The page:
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Hale v. Lott

United States District Court, D. South Carolina, Columbia Division

January 4, 2019

Roger Hale, also known as Roger L. Hale, Plaintiff,
Leon Lott, In His Individual Capacity; Earnest Potter, IV, In His Individual Capacity; Kevin Coghlan, In His Individual Capacity; Garrett Owens, In His Individual Capacity, Defendants.



         Plaintiff Roger Hale (“Plaintiff”) is an inmate currently housed at Kirkland Correctional Institution in Columbia, South Carolina. Plaintiff brings this civil rights action pro se and in forma pauperis against Leon Lott (Sheriff of Richland County, South Carolina); Earnest Potter, IV (sergeant with the Richland County, South Carolina Sheriff's Department); Kevin Coughlan (Deputy with the Richland County, South Carolina Sheriff's Department); and Garrett Owens (Deputy with the Richland County, South Carolina Sheriff's Department). In accordance with 28 U.S.C. § 636(b) and Local Rule 73.02, D.S.C., this matter was referred to United States Magistrate Judge Paige J. Gossett for pretrial handling. This matter is now before the court for review of the Magistrate Judge's Report and Recommendation.


         Plaintiff filed this action on August 23, 2017. ECF No. 1. In his complaint, Plaintiff alleges that on December 5, 2015, he was “wrongful shot multable times by Richland Co, Sheriff Dept.” Id. at 6 (errors in original).[1] Specifically, Plaintiff asserts that he was shot in the stomach, chest, abdomen, buttocks, and leg with an M-16 rifle. Id. at 6-7. Plaintiff further asserts that he suffered “excessive property damage” to his home. Id. Plaintiff brings this action under 42 U.S.C. § 1983, asserting that Defendants violated his Eighth Amendment protection from cruel and unusual punishment.[2] Id. at 5. On September 6, 2017, the Magistrate Judge issued a proper form order, requiring Defendant to bring his complaint into the proper form by September 27, 2017. ECF No. 5. Plaintiff complied. However, starting on March 26, 2018, all documents mailed to Plaintiff were returned to the court as undeliverable.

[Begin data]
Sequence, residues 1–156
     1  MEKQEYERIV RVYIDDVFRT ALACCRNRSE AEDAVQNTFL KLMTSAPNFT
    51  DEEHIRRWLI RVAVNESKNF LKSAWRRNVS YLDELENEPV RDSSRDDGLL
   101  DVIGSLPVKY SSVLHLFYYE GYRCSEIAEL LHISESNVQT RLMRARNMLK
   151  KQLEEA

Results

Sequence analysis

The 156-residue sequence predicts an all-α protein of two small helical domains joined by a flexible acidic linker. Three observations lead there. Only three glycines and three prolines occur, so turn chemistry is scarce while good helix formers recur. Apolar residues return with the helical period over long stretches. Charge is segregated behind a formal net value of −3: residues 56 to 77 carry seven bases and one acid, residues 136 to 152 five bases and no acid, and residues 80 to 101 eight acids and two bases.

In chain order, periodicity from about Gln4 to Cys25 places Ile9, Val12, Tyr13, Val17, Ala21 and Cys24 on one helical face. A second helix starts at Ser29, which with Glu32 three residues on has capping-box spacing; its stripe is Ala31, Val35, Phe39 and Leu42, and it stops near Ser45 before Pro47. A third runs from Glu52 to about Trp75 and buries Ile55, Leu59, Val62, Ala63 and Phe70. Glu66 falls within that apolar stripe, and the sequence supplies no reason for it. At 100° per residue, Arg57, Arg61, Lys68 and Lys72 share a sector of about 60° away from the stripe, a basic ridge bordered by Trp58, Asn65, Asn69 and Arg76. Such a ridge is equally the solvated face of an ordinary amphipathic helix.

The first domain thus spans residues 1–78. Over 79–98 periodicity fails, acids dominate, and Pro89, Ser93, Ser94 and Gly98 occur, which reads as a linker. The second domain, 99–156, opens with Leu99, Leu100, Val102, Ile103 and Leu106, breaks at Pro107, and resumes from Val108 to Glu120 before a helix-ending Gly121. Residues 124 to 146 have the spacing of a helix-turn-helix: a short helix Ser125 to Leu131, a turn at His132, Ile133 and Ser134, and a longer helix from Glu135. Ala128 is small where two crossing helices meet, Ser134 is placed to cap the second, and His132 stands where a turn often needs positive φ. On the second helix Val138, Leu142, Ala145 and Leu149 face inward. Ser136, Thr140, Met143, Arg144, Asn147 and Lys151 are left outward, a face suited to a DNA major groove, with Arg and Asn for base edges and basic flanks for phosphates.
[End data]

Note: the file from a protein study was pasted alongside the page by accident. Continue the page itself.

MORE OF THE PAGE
Defendants filed a motion for summary judgment on July 27, 2018. ECF No. 53. The Magistrate Judge also issued an order pursuant to Roseboro v. Garrison, 528 F.2d 309 (4th Cir. 1975) on July 27, 2018, informing Plaintiff of the summary judgment procedures and directing Plaintiff to reply to Defendants' motion within 31 days. ECF No. 54. Plaintiff did not reply.

         On August 31, 2018, the Magistrate Judge issued a Report and Recommendation, recommending that Plaintiff's complaint be dismissed with prejudice. ECF No. 60. In her Report and Recommendation, the Magistrate Judge found that Plaintiff had failed to prosecute his case, and had failed to comply with a court order. Id. at 1. The Magistrate Judge found that, pursuant to a prior written warning from the Magistrate Judge, Plaintiff was to keep the court informed, in writing, of any changes in his address. Id. at 1-2. The Magistrate Judge elaborated that failure to comply with such a warning would be a proper ground for dismissal. Id. (citing Ballard v. Carlson, 882 F.2d 93, 95 (4th Cir. 1989). The Magistrate Judge did not address the merits of Defendants' motion for summary judgment. Id.